Physics

http://www.uwgb.edu/nas/

Disciplinary Minor

Professor – Heidi Fencl
Associate Professor – Michael Hencheck (chair)
Assistant Professor – Jorge Estevez

Physics is the study of matter and energy, and their interactions in the areas of mechanics, heat, sound, optics, electricity, magnetism, radiation, and the atomic and sub-atomic world. Physics provides students with concepts and models for describing, understanding, and predicting many characteristics and phenomena of physical and biological systems. As such, it provides the foundation for many other sciences such as chemistry, astronomy, biology, geology, engineering, and medicine.

A minor in Physics is an appropriate choice for students pursuing interdisciplinary majors in Environmental Science and Human Biology. It is also a good choice for students who plan to teach at the secondary level because there is a chronic shortage of qualified physics teachers.

Students seeking information on teacher certification should contact the Education Office.

This disciplinary minor also requires:

Completion of an interdisciplinary major

Courses

PHYSICS 103. Fundamentals of Physics I. 5 Credits.

A non-calculus physics sequence covering fundamentals of mechanics, energy, power, thermodynamics and sound. Applications to the areas of biology, chemistry, the earth science and technology. Full credit will not be granted for both PHYSICS 103 and 201 or 202.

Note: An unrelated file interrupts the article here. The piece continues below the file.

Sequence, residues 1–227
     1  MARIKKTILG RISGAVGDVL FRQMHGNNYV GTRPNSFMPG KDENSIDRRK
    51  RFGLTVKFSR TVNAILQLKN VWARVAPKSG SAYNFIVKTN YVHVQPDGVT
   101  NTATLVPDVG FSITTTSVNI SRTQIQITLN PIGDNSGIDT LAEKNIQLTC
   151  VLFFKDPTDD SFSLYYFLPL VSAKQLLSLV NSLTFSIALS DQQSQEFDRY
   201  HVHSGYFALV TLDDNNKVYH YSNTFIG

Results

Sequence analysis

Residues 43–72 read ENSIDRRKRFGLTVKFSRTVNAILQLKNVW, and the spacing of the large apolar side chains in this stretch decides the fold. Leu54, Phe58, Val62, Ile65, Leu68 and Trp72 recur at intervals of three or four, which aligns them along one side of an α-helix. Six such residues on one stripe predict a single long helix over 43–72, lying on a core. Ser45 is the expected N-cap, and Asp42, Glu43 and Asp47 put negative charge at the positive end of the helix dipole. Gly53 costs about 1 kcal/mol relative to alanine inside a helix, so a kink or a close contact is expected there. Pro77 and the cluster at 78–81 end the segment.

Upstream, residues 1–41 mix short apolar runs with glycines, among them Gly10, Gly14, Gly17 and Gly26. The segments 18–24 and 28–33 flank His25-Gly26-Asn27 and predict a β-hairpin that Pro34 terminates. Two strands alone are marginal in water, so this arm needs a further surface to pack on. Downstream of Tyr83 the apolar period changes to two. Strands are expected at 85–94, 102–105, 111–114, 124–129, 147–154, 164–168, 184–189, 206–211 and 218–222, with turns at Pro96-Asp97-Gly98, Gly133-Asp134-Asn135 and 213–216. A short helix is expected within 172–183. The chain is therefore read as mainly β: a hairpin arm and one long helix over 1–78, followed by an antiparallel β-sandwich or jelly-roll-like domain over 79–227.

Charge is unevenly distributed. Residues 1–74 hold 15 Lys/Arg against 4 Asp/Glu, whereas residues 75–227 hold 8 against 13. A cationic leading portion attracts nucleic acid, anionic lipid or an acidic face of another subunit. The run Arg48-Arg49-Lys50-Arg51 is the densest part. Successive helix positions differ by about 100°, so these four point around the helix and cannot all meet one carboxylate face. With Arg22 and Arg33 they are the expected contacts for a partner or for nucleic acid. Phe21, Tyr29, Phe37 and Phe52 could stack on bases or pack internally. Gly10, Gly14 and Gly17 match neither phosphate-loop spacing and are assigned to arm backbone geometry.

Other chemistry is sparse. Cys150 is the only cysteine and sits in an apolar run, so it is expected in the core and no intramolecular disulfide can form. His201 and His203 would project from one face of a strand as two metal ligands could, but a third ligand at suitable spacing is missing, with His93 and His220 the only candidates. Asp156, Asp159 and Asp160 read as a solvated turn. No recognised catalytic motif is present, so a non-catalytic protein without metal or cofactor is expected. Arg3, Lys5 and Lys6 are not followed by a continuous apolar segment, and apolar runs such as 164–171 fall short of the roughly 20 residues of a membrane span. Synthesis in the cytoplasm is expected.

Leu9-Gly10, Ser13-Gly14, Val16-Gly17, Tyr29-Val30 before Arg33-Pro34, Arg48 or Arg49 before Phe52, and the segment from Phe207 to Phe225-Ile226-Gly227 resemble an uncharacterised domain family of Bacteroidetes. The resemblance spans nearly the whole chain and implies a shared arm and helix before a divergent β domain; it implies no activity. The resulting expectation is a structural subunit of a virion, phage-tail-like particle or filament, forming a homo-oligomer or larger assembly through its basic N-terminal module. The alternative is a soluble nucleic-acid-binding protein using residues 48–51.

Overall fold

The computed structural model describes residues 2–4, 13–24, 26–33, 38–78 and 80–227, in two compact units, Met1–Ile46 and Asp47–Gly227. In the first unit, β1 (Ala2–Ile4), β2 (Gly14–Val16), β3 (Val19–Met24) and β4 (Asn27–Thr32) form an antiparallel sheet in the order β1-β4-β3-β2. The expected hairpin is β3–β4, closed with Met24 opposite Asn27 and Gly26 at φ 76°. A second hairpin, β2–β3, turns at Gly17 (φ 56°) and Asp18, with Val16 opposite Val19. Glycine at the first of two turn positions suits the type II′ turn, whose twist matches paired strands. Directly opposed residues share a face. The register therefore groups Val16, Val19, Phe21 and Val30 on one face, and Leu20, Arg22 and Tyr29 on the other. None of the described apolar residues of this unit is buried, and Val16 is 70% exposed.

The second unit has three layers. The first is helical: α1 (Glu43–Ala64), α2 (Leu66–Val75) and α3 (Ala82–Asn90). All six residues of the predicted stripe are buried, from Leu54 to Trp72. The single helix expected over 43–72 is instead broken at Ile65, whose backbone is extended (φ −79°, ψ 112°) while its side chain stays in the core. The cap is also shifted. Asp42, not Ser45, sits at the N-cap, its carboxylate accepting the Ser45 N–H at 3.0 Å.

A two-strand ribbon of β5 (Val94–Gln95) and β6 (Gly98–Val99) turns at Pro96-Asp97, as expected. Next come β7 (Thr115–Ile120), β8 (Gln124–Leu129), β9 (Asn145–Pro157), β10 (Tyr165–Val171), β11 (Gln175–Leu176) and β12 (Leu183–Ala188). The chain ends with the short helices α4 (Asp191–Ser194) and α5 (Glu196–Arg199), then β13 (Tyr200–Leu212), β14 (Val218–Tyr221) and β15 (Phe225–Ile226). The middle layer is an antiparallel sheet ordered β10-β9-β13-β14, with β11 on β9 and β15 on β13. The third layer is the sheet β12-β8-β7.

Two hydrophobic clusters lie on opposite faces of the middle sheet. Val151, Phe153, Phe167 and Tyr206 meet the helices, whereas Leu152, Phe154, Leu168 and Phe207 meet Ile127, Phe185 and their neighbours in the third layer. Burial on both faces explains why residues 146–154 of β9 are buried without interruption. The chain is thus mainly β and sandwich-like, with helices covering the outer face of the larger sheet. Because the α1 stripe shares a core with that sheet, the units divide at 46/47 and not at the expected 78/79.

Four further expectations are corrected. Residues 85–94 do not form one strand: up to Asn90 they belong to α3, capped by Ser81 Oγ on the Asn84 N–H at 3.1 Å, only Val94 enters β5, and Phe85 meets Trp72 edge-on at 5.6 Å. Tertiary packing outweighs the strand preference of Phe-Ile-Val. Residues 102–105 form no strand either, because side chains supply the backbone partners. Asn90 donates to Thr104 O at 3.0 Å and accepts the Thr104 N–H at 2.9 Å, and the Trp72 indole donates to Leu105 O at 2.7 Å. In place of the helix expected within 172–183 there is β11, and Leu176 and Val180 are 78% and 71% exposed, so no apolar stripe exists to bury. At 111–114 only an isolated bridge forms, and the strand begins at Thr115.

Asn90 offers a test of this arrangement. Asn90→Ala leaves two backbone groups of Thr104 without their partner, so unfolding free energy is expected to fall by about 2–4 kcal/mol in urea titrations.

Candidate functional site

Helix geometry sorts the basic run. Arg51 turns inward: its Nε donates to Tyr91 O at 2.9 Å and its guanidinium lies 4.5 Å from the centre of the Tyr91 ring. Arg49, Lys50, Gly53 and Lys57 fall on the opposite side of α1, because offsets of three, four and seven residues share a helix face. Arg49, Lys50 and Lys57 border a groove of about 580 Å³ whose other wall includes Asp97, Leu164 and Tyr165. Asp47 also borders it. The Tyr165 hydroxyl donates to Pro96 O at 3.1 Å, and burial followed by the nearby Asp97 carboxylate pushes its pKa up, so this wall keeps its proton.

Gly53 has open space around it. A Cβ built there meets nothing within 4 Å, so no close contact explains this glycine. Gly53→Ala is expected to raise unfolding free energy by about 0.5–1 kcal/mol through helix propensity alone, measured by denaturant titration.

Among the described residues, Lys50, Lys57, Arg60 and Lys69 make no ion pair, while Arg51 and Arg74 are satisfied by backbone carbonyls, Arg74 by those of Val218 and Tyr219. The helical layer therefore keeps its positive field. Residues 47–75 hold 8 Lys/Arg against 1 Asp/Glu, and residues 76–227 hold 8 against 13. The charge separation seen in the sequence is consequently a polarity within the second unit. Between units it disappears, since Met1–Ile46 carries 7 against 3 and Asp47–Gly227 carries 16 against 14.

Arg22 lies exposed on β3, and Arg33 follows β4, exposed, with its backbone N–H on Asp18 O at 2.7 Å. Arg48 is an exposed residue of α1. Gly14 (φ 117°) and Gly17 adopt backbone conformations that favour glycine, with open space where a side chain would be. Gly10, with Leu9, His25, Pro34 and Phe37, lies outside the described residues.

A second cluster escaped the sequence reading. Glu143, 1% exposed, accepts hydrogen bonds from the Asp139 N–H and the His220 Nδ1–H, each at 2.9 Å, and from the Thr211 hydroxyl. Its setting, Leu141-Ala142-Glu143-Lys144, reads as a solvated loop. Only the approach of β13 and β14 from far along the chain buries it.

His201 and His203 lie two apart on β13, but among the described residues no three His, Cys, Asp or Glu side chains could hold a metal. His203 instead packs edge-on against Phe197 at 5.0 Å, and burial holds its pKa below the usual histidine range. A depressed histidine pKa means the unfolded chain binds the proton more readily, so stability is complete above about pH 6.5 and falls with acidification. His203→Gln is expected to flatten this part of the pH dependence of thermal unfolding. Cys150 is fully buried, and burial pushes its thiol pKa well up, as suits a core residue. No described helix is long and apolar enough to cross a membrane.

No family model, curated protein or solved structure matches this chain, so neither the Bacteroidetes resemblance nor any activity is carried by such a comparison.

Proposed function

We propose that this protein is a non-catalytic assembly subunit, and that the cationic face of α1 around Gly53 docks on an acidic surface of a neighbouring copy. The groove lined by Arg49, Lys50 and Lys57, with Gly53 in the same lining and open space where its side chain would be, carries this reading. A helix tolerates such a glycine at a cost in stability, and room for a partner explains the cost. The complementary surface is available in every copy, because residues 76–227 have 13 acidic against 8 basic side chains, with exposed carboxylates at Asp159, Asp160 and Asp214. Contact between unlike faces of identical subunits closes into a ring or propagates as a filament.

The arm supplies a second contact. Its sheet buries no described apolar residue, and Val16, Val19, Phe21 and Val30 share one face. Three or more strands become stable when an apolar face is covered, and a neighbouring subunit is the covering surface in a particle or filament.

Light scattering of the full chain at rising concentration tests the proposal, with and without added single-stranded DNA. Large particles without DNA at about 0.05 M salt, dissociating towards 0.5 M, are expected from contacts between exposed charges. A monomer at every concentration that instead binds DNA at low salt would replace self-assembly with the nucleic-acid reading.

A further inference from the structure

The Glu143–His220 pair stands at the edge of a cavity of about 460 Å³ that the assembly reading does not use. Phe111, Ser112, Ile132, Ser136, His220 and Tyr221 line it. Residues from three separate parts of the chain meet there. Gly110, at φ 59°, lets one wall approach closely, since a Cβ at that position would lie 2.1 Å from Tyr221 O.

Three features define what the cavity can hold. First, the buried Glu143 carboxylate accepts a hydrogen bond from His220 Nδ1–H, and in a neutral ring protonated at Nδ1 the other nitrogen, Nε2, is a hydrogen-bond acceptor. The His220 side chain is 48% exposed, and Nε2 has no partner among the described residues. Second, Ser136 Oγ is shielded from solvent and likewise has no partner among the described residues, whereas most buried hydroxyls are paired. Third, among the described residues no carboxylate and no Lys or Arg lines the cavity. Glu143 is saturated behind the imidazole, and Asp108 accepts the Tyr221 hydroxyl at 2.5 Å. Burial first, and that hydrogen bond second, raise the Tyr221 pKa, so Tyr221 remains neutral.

P: MATH 104 with at least a C grade or Math Placement of MATH 202 or greater.
Fall Only.

PHYSICS 104. Fundamentals of Physics II. 5 Credits.

A non-calculus physics sequence covering fundamentals of electricity and magnetism, electronics, light, atomic and nuclear structure and relativity. Applications to the areas of biology, chemistry, the earth science and technology. Full credit will not be granted for both PHYSICS 104 and (201 or 202).
P: PHYSICS 103 with at least a C grade.
Spring.

PHYSICS 141. Astronomy. 3 Credits.

A study of the solar system, stars, galaxies and universe.
Fall and Spring.

PHYSICS 180. Concepts of Physics. 3 Credits.

Survey of physics, including motion, forces, momentum, energy, solids, liquids, gases, sound, heat, electricity, magnetism, light, atomic and nuclear physics. Designed for non science majors. Full credit will not be granted for both PHYSICS 180 and 103, 104, 201 or 202.
Fall Only.

PHYSICS 181. Concepts of Physics Laboratory. 1 Credit.

Laboratory course to accompany PHYSICS 180. Full credit will not be granted for both PHYSICS 181 and 103, 104, 201 or 202.
P: PHYSICS 180 or conc enr.
Fall Only.

PHYSICS 198. First Year Seminar. 3 Credits.

Reserved for New Incoming Freshman.

PHYSICS 201. Principles of Physics I. 5 Credits.

A calculus physics sequence for students of science and engineering. Includes fundamentals of mechanics, Newton's laws, momentum, energy, fluid statics and dynamics; temperature, heat transfer, thermodynamics; vibrations, waves and sound; electric forces and fields, DC and AC circuits, magnetism; atomic structure, semiconductors; electromagnetic waves, light; relativity, quantum mechanics, nuclear physics and elementary particles.
P: MATH 202 with at least a C grade.
Fall Only.

PHYSICS 202. Principles of Physics II. 5 Credits.

A calculus physics sequence for students of science and engineering. Includes fundamentals of mechanics, Newton's laws, momentum, energy, fluid statics and dynamics; temperature, heat transfer, thermodynamics; vibrations, waves and sound; electric forces and fields, DC and AC circuits, magnetism; atomic structure, semiconductors; electromagnetic waves, light; relativity, quantum mechanics, nuclear physics and elementary particles.
P: PHYSICS 201 with at least a C grade and MATH 203 with at least a C grade.
Spring.

PHYSICS 310. Modern Physics. 3 Credits.